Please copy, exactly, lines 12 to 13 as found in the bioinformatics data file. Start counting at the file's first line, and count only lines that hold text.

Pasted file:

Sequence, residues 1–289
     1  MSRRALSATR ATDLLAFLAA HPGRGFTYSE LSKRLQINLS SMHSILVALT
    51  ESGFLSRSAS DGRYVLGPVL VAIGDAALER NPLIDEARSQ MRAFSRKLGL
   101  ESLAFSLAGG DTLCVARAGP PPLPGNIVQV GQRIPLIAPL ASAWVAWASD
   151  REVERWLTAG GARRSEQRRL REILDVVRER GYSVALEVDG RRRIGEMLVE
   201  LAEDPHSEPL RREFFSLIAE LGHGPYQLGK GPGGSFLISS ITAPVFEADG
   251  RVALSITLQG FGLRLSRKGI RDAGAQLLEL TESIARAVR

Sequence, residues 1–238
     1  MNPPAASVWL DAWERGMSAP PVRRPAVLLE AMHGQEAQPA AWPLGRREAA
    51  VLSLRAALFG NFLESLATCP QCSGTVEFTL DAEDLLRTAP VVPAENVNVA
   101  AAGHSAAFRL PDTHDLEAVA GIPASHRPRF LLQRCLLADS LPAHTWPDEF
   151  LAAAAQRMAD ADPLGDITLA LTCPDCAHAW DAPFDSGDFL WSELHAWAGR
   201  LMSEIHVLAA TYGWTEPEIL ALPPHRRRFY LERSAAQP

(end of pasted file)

   151  LAAAAQRMAD ADPLGDITLA LTCPDCAHAW DAPFDSGDFL WSELHAWAGR
   201  LMSEIHVLAA TYGWTEPEIL ALPPHRRRFY LERSAAQP